The Jury Is In!
By David G. Brown
I speak about computers to a lot of college and university audiences. Body language usually provides an early alert. Whether it’s a seminar with 200 faculty on “how to enhance teaching through computers” or a private sessions with the university’s president, from every audience comes the inevitable question: “What proof do you have that all this money spent on technology increases student learning?”
My first answers convinced no one. I cited how grades in basic chemistry increased at the University of Virginia, how failure rates declined at Virginia Tech, how end-of-course test scores jumped at the University of Central Florida, and how much higher rates of approval Wake Forest students gave to computer enhanced versions of similar courses. But, for every study I cited the interrogator-searching-for-an-answer would reference a counter-conclusion from the “no significant difference” movement. Few, if any, minds were changed!
I guess I would have the same skepticism about studies “proving” that blackboards & chalk, or five-color textbooks, or million volume libraries, or newly purchased electron microscopes, or the implementation of Bloom’s taxonomy was the single factor among many that increased learning. Classrooms are not sterile laboratories. Students are not guinea pigs. Rigorous studies tracing the change of a single variable are not possible.
On almost every campus, opinion surveys of both faculty and students involved in face-to-face courses reveal that they think computer enhancements increase learning. They know they prefer such courses. Professors who have once incorporated computer enhancements, keep them. Students who have once enrolled in a computer enhanced course tend to seek out another one. But, the skeptics argue, both students and faculty have something of a vested interest and are therefore not fully rational. Opinion polls are not enough.
Recently I’ve approached the inevitable question in another way. It seems to work. Some minds have been changed. The new approach is more logic than empiricism.
From studies that have nothing to do with technology we know that learning increases when---
(1) there is more interaction and quicker feedback between students and their professors, between parents and their children;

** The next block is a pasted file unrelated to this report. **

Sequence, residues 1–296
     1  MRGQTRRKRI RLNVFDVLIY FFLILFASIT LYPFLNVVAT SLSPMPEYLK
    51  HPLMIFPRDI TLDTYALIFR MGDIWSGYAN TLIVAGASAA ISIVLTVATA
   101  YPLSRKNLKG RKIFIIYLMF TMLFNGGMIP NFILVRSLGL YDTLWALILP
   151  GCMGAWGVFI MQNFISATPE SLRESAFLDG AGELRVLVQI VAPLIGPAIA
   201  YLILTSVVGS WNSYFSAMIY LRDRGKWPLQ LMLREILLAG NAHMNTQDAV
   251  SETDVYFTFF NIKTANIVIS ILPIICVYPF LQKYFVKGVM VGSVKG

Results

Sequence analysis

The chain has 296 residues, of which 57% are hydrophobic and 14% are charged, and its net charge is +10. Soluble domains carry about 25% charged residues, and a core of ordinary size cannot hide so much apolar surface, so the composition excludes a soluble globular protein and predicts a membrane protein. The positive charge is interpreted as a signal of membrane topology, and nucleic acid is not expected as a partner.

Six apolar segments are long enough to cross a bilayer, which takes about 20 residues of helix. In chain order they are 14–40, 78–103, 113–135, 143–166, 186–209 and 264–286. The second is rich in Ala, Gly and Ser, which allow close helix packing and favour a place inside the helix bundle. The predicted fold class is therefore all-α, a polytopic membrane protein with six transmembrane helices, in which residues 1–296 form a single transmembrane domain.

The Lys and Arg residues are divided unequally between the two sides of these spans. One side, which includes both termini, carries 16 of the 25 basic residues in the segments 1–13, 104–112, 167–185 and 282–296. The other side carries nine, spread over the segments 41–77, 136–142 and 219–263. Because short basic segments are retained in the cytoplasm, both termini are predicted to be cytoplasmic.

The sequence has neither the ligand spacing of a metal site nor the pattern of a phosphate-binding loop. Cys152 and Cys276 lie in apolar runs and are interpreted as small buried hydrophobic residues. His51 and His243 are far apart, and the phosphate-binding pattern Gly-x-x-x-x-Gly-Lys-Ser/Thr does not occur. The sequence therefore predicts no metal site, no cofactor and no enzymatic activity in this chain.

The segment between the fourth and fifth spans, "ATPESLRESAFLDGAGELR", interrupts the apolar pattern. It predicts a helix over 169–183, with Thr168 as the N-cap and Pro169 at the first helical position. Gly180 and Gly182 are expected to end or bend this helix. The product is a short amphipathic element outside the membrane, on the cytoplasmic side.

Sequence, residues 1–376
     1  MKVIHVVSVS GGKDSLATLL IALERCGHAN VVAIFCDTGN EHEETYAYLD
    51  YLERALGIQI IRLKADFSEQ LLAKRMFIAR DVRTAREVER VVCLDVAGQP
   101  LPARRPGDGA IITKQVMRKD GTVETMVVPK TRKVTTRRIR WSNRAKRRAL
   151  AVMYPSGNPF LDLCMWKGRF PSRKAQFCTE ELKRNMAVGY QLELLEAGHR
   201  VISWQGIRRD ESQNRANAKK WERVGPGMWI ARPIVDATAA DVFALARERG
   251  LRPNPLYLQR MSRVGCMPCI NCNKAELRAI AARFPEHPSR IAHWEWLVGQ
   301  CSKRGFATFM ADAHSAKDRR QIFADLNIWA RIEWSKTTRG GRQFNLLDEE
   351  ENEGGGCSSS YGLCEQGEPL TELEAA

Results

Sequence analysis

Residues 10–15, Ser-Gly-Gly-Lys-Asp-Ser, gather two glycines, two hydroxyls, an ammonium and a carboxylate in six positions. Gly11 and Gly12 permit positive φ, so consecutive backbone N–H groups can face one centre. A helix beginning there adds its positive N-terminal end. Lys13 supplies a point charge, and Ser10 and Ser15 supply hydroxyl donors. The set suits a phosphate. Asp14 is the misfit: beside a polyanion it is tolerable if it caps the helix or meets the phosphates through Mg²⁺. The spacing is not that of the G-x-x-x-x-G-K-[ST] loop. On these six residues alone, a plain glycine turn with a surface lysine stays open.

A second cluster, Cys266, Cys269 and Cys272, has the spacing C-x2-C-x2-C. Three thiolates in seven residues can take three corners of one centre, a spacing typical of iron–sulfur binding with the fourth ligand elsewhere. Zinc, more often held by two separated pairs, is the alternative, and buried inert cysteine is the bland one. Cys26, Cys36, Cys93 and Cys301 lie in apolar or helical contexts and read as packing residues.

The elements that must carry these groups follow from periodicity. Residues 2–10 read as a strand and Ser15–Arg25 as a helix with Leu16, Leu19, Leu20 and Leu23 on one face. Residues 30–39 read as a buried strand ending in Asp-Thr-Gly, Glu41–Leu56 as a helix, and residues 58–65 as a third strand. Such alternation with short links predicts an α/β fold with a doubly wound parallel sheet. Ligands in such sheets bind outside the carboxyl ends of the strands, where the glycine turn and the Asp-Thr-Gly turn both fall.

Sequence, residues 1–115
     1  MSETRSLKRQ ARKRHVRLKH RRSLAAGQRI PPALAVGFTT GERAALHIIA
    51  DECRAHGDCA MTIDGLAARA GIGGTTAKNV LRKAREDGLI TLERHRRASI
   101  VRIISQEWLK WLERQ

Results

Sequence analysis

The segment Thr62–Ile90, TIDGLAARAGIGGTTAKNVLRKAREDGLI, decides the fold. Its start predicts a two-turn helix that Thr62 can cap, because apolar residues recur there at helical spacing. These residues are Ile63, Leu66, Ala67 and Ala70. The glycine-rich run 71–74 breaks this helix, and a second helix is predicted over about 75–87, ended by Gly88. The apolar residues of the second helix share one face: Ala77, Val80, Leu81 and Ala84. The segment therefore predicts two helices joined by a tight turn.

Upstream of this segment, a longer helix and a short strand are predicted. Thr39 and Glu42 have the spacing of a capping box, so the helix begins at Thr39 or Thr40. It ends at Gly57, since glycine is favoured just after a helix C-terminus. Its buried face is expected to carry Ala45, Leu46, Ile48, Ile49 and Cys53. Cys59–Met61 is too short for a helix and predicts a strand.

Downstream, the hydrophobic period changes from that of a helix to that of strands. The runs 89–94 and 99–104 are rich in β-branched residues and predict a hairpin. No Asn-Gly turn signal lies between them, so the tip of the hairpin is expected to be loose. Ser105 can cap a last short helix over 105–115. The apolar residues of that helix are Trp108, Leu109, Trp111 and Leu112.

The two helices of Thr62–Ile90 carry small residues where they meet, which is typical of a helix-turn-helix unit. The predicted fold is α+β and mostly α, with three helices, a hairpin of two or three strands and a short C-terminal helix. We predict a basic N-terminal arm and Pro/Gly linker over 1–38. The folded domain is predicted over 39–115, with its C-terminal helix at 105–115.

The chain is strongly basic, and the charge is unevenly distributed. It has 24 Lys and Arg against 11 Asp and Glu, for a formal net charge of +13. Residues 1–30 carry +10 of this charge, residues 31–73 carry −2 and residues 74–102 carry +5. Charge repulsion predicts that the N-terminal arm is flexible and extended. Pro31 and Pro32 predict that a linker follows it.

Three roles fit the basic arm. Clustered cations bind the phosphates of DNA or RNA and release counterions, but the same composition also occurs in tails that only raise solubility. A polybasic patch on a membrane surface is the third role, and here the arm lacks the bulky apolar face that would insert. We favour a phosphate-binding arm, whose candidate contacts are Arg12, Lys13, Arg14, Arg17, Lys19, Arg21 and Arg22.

(2) students (and siblings) help each other learn (collaborative learning); and
(3) students are redundantly provided the same material in multiple formats (different strokes for different folks).
We also have hard evidence that in computer enhanced courses---
(1) communications between faculty and students is more frequent and timely,
(2) more collaboration occurs among students, and
(3) students have access to a broader range of materials and people.
Computers enable more interaction, collaboration, and customization. As a result, there is more learning. The jury is in, on the benefit side!
Feeling somewhat cornered, the skeptics, who have not yet changed body language, ask: “Wouldn’t the same money be better spent on more professors? Wouldn’t the effort be better invested in learning grammar and the theory of relativity?”
Perhaps! Let’s think a moment, however, about the cost. By a computer enhanced course we mean a course taught on the assumption that all students have appropriate access to the Internet and sufficient knowledge to use the access. Now that students learn how to use a computer in order to play games, listen to rock concerts, buy t-shirts, and routinely exchange emails with friends; the additional cost of using the computer for school purposes is nil! Students are learning to use web browsers on their own time, not study time! Access is first sought for “.com” purposes. The add on or marginal cost of using computers for their studies is insignificant!
High benefit. Low cost. The jury is in! Computer enhanced instruction leads toward increased learning! Is it possible that the body language will change?